Thursday, March 3, 2011

The Debt Limit is Obsolete

As I discussed yesterday, the debt limit is the congressional limitation on the amount of bonds that the U.S. treasury can have outstanding at a given time.  Two significant things happened in the 1970s that made the debt limit obsolete.  One is the Congressional Budget and Impoundment Control Act of 1974.  It formalized the budget process for the president and congress.  And even though it's been amending several times, the current budget process still uses the same blueprint.  Also, the United States went completely off the gold standard in 1971.

At the time when it was first created, having a debt ceiling made sense.  It put a check on the executive branch to keep it from spending and borrowing without regard to congress.  It also protected our Gold Reserves from being over leveraged.  Gold Reserves were extremely important because we were (for the most part) on a gold standard so that the dollar could maintain value at home and overseas.  These two reasons for maintaining a debt limit no longer applies.

The Congressional Budget and Impoundment Control Act of 1974 created a new check on executive power.  It laid out a formal budgeting process that must be passed by congress every year.  Otherwise, the government must "shutdown" until congress acts to re-instate it.  Also, by statute, the President could no longer refuse to use or try to shift unused funds from one area of government to another.  Funds allocated by congress to build a road must be used to build that road or the President and executive branch would be committing a crime.  This budget process provides sufficient check on the executive branch from trying to (legally or "semi-legally") re-allocate congressional funds.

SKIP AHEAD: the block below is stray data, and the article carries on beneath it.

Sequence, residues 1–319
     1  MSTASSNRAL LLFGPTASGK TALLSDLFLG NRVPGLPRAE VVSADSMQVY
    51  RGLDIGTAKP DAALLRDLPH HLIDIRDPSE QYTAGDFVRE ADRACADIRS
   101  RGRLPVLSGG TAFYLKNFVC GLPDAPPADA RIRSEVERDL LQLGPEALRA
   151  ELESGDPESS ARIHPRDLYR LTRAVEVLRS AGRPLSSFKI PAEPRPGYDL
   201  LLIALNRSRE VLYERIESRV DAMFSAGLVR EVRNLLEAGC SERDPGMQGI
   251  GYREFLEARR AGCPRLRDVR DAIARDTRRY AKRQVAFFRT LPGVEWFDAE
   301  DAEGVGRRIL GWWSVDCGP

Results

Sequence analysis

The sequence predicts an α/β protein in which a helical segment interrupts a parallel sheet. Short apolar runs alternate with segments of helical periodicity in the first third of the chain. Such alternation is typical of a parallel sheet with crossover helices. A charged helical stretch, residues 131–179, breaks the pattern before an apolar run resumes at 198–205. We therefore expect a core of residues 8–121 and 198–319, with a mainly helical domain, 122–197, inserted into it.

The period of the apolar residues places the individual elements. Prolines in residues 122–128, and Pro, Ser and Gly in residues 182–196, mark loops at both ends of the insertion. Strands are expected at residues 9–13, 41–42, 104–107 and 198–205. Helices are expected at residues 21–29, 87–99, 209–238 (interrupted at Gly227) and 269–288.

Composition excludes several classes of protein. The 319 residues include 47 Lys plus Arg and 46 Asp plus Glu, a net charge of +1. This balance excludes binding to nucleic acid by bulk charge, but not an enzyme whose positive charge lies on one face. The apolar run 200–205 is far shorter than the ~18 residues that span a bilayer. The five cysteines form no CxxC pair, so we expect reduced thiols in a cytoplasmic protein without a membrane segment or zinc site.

In 1971, the United States went off the Gold Standard and never looked back.  Unlike past times when the U.S. went off the gold standard, it wasn't temporary.  While there is a group advocating to go back to the gold standard, it's small and doesn't have a lot of momentum behind it.  For all points and purposes we are no longer on the gold standard and won't be going back.  So what this means is that o matter how many dollars are issued by congress, treasury, or the Fed, they cannot be redeemed for anything but more dollars.  While that has several implications, but none of them is the possibility of any bank losing gold reserves.
So what does it all add up to?  The debt limit has lost its usefulness.  The only purpose it serves is one more thing congress has to do when budget deficits increase.  You might say it offers a chance to get the public and congress to face large budget deficits.  However, that already happens every year thanks to the yearly budget process.

Congress should "raise" the debt limit one last time, but instead of raising it just eliminate it.  If removing it does create a problem, congress can always add it back.
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